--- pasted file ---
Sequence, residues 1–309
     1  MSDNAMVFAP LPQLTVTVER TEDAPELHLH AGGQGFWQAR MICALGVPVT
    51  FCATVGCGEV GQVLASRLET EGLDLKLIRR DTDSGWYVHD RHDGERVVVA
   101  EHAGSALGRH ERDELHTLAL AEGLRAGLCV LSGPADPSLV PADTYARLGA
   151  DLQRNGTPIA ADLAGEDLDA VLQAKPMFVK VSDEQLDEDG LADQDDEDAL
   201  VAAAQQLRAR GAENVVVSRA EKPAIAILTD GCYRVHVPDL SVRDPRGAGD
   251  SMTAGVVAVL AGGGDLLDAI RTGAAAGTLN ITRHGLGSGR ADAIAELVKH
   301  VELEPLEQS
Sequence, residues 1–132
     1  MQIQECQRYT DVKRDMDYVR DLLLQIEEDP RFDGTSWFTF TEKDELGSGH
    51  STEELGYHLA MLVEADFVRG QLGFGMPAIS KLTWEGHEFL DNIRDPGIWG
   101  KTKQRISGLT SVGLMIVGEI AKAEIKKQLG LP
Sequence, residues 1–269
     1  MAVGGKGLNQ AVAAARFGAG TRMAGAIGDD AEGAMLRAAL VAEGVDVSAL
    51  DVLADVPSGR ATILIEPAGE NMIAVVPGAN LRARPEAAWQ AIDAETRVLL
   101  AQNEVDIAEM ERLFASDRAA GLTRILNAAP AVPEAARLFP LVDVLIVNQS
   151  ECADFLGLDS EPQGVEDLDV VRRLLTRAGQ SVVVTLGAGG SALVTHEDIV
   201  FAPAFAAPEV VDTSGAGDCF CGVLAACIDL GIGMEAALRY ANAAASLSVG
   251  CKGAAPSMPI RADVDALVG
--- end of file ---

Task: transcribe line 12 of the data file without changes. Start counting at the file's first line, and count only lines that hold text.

   101  KTKQRISGLT SVGLMIVGEI AKAEIKKQLG LP